Fair Use, Attribution, and Microsoft Clip Art

Question: When y'all use images (or other media) from the Microsoft Clip Art Gallery:

1. Is it legal?

2. If so, should it contain an attribution?

3. If so, how should it be stated?

My questions are merely about USE, not resale, not modification, just simple use. Also, not just for using these in Articulate products, but also for blog posts and other elearning.

Apologies for the length of this post and if it all seems transparent to everyone else. And TIA for the help deciphering what is for me legalese.


I should let y'all know that I'm informed enough about Fair Use and copyright to know to go to  vendors/providers and inquire what their policy is. To that end, I've visited 3 Microsoft web sites, engaged in a Microsoft chat session (useless), and made 2 phone calls to Microsoft.

  • The rep on the first call (number provided by chat agent) told me he couldn't answer that question, but that I should call the legal department.
  • I called that number and made a choice from the menu. I was referred back to the web sites I've been reading and attempting to decipher.
  • I called the number again and made another choice from the menu and was referred back to the first phone number.

And no, I'm not kidding.

Use of Microsoft copyrighted content

At the top of this page there's info indicating it's necessary to use the the full name of a product and you must include this statement, "Used with permission from Microsoft".

I know this needs to be done when writing about their software, but is this also true when using their clip art and media?

There's a link to this info in the document (further down)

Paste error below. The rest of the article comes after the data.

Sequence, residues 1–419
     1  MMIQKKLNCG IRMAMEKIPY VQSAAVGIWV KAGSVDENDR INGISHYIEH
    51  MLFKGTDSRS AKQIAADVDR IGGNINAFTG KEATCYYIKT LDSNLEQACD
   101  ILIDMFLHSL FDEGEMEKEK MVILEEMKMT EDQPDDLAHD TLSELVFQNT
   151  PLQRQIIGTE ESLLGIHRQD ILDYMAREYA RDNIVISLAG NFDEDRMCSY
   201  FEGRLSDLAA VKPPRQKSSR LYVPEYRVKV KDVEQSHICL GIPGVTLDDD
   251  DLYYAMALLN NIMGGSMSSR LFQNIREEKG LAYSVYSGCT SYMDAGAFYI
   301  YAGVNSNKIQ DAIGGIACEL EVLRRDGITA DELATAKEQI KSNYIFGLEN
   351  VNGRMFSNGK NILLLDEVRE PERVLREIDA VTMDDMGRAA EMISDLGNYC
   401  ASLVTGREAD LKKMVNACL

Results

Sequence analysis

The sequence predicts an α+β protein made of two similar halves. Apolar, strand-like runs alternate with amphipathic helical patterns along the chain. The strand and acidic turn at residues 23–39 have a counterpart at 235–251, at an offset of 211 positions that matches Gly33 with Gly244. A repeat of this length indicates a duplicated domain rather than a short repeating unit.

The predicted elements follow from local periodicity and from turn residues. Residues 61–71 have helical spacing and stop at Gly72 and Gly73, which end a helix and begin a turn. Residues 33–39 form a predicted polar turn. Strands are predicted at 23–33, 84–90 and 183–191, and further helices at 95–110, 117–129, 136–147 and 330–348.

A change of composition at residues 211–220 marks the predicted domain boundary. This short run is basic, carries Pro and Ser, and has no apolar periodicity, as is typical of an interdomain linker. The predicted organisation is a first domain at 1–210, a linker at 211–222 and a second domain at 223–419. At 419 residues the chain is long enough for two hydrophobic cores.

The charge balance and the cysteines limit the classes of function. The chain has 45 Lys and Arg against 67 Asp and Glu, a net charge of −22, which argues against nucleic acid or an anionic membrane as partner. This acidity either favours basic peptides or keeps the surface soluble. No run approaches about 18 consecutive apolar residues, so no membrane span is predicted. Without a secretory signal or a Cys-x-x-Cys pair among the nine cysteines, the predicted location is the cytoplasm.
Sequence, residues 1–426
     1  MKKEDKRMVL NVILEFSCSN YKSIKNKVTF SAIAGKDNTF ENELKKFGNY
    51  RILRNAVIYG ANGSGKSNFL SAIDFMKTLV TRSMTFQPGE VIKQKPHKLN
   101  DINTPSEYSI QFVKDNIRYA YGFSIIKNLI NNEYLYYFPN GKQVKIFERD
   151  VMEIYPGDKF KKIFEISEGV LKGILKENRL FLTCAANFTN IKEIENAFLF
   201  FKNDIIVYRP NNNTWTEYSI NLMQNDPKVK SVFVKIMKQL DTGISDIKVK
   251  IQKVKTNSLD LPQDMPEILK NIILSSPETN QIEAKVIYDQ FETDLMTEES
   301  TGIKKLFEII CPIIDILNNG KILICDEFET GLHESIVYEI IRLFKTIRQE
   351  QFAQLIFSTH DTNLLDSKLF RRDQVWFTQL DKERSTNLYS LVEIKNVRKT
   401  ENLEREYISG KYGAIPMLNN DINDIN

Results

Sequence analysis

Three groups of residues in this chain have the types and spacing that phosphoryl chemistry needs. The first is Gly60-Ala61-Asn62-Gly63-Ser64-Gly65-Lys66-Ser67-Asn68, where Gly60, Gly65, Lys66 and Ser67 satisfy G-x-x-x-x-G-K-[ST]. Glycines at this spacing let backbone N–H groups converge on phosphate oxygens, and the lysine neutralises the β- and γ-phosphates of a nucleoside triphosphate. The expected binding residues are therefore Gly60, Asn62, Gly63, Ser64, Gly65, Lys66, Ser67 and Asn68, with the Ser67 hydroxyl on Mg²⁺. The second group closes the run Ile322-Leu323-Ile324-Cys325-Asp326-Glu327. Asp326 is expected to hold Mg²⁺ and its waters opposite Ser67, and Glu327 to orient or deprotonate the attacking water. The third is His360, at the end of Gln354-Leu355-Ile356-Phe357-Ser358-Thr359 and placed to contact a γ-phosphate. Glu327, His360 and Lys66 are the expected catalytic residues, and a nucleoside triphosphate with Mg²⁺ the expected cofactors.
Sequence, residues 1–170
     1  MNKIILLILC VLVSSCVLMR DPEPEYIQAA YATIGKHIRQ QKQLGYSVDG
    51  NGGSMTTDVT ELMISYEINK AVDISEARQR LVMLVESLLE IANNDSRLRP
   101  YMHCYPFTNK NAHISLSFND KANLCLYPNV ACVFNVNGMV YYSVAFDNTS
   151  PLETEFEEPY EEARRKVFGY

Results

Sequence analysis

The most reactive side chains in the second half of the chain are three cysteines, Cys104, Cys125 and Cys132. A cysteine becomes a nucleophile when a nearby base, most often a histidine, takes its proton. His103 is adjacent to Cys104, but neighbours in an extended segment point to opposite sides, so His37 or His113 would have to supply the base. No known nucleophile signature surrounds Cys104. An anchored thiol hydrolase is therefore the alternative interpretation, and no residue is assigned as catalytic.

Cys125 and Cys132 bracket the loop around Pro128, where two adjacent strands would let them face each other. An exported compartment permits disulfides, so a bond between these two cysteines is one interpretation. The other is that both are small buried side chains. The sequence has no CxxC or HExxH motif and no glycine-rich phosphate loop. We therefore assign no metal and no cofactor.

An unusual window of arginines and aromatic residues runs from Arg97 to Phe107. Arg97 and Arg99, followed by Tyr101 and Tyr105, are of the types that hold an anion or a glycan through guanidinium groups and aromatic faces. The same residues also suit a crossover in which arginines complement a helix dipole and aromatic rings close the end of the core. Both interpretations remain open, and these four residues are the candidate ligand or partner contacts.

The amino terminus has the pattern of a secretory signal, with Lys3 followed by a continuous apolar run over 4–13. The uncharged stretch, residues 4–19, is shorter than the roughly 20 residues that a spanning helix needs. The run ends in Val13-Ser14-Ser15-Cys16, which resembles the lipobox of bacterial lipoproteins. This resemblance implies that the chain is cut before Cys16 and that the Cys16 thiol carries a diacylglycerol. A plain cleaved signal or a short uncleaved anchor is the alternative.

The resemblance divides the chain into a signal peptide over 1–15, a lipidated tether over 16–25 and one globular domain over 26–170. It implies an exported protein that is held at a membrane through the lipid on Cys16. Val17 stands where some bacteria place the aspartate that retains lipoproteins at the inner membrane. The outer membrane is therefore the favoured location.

The Clip Art and Media gallery provides a compilation of artwork. See the use terms for the description of permitted uses. If those terms do not meet your needs, our Clip Art partners at Office Online provide a variety of images you can license directly.

Also, there's a link to

Find End-User License Terms for Microsoft products.

And in there (as well as here #17) is this paragraph, italics is mine:

Media Elements and Templates. You may have access to media images, clip art, animations, sounds, music, video clips, templates and other forms of content (“media elements”) provided with the software or as part of a service associated with the software. You may copy and use the media elements in projects and documents. You may not (i) sell, license or distribute copies of the media elements by themselves or as a product if the primary value of the product is the media elements; (ii) grant your customers rights to further license or distribute the media elements; (iii) license or distribute for commercial purposes media elements that include the representation of identifiable individuals, governments, logos, trademarks, or emblems or use these types of images in ways that could imply an endorsement or association with your product, entity or activity; or (iv) create obscene or scandalous works using the media elements. For more information, go to www.microsoft.com/permission.